Motherhood in May / Part 3
As I’ve thrown myself into writing my book, I’ve shared less and less about adoption here. I kind of hate that even though it is a necessity as I am determined to manage my book content and keep it fresh. (for all previous posts on adoption, click here)
Today, however, I have a few things to say on the topic.
As I predicted, Mother’s Day was difficult for me. I felt the absence of my mom, I thought about the joys, strife, and complexities involved in the mother/daughter relationship, and I just missed her. This maze of thoughts led me to thinking about my Indian mom on a day I thought was reserved exclusively for the woman who raised me. I haven’t spent much of my life wondering about my biological parents in a conventional way. The grief from my adoption manifested in less obvious ways as I was growing up; I rarely asked questions about my birth parents, adoption, or culture. My grief presented itself more subtly; an overwhelming desire to be home with my family most of the time, fear of being separated from my parents, rejection of my culture, and a need to be perfect and impressive constantly.
My parents weren’t able to identify any of these obsessions as grief and I don’t fault them for that at all. Most adoption agencies failed to educate adoptive parents, at that time, of the many ways international adoptees were traumatized and how to address it. I wasn’t even able to recognize any of those things as grief until last year.
All of that to say, I never longed for my Indian mother; the woman whose body brought forth my life, who may have loved me or may have felt only bitterness for me, who possibly wished to keep me but had no choice or who attempted to will time to move more quickly so as to begin erasing my existence from her memory and body. On Mother’s Day, however, I thought about all of those things. I thought about how most adopted children long to have a connection to the woman whose womb once carried them; about how those longings may go unfulfilled.
Adoption is not natural. Adoption is traumatic and, while it can lead to a positive experience, grief is always lurking. As an adoptee who grew up in an ideal situation, I can tell you, I am torn every day of my life. I cannot fully describe the depths of guilt I felt on Mother’s Day as I bounced back and forth between missing the mother who raised me and the mother who gave birth to me. At the end of the day I even wondered who I thought about most and worried there was a wrong answer. And even now, the internal battle rages on. I’m grieving them both. And I’m allowed to grieve them both.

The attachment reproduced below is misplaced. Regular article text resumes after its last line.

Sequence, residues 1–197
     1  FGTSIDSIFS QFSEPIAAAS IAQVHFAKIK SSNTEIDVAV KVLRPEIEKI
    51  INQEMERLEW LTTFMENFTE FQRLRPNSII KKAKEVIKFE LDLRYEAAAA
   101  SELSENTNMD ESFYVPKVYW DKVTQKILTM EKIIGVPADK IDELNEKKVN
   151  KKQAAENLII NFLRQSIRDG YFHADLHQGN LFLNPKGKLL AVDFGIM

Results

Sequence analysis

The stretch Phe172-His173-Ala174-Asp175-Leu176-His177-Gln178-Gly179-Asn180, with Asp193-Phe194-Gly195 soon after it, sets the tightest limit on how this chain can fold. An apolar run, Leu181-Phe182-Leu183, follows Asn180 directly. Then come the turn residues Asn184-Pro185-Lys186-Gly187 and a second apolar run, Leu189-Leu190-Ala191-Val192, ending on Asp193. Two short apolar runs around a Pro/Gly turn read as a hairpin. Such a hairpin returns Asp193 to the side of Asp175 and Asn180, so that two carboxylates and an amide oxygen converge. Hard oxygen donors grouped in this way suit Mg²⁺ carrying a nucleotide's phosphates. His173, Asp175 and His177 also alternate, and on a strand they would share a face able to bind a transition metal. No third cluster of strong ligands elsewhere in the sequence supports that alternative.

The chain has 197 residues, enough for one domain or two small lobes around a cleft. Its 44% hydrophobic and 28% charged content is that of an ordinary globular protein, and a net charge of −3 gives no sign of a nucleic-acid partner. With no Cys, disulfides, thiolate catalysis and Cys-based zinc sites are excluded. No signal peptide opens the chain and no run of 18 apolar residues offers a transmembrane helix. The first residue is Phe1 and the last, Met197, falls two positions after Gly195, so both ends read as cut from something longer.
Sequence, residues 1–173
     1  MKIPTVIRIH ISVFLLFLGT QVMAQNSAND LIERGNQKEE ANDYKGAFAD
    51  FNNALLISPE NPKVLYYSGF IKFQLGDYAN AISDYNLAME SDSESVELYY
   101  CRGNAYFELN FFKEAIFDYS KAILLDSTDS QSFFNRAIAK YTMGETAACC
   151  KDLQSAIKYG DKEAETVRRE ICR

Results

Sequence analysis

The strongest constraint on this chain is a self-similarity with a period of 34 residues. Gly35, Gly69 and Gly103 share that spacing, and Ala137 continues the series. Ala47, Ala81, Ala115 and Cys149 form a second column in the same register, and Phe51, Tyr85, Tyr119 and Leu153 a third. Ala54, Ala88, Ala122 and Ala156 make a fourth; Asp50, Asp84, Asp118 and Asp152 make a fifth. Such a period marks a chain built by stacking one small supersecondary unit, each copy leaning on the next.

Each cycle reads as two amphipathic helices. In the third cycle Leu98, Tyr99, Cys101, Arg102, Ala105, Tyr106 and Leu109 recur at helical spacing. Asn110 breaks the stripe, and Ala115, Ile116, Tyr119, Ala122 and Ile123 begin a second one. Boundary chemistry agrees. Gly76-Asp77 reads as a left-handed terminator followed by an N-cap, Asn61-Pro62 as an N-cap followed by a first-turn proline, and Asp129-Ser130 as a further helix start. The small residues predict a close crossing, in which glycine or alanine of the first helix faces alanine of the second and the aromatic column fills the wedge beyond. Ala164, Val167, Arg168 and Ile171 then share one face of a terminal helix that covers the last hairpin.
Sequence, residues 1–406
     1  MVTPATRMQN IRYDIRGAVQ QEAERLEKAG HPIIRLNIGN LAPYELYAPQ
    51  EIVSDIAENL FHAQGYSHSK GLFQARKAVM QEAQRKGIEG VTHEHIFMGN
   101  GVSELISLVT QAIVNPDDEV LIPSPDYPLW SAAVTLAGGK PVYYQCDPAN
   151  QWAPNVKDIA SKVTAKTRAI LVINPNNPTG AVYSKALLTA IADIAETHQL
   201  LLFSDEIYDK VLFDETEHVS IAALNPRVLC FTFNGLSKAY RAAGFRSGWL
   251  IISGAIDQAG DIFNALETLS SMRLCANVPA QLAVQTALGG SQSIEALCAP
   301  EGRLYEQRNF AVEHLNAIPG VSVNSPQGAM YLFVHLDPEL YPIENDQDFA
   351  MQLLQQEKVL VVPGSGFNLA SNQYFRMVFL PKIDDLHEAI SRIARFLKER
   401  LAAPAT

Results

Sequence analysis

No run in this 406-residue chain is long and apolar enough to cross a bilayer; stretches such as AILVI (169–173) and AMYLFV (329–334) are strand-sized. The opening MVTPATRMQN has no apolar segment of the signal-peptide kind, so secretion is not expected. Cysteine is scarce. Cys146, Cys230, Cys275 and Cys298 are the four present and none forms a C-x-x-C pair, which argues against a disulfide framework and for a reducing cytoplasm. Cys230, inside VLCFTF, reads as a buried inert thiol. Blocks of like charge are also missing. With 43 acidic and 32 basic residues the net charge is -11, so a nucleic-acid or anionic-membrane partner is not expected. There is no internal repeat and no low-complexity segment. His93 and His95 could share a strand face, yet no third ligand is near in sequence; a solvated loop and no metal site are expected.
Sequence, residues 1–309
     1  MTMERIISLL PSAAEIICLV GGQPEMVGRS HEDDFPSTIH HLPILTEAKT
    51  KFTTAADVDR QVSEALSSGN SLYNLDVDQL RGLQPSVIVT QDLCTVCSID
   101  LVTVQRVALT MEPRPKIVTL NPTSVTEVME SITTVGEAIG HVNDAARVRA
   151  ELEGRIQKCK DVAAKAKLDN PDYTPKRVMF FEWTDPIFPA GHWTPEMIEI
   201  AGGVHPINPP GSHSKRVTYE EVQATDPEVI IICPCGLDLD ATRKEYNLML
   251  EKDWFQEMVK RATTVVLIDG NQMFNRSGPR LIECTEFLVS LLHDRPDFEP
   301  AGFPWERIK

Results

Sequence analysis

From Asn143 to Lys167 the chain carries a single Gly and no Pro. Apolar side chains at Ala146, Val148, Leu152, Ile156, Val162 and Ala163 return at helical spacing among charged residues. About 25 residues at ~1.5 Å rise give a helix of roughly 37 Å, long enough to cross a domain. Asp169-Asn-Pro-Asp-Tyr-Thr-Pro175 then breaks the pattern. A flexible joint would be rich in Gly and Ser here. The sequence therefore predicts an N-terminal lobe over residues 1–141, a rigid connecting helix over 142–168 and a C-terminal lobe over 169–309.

The expectations imposed on adoptees are sickening and unrealistic. Those of us separated from our biological parents and cultures at a young age do not have an obligation to be grateful more so than anyone ought to be grateful. Those of us who grew up in warm, loving homes should not be expected to forsake our longings for the life we were taken from simply because we had it “good”. And the many adoptees who were abused, neglected, and isolated should be more understood and welcomed without expectation.
I’ve spent time listening to countless adoptees over the course of the past year and I assure you, there are mountains and mountains of grief they are unwilling to share because so many are not willing to listen. In a society in which we are all expected to be tolerant of so much, whether we agree or not, I’m appalled at the lack of tolerance for the grief stricken, heart broken, hurting, lost, and isolated adoptees.
To those of you who grieved your birth mothers on Mother’s Day… Good for you.
To those of you who suppressed the emotional battle and quieted your longings… I understand.
Adoptees, we deserve an environment in which we are free to allow our grief to pour out; where we can weep for what was lost and long for it.
Mothers are irreplaceable. I long for both of mine.
I had an obsession with my moms hands for all of my life; holding them, looking at them. I love this photo and I miss her hands. I so often wonder if my hands and my Indian mothers hands are similar…
Motherhood in May
3 thoughts on “I Long for Both of Mine…”
Dear Reshma, you write so well!
You are able to process and express your feelings so well.Your writing brings tears to my heart .And yes, yes, yes, adoption is not natural. It is a well intentioned experiment and perhaps in a profound way a cruel one and every single experiment has its own unique result. Your writing reflects that somehow you are very accepting of the life you are given and you value your blessings. This makes you a spiritually enriched person. It comes across very clearly in your writing that your capacity to love people around you is indeed a blessing.
When pain brings a mellow maturity, humankind is that much more close to harmony.
When an adopted child works out for herself that two moms are a reality and both can exist in the child’s heart,then she is a blessing to the mothers.
I am sure, your blog will deepen the reader’s understanding of the pain that adoption inherently carries.
Geeta, an adoptive mom.
Powerful writing. Thank you very much for this. Gareth, an adoptee x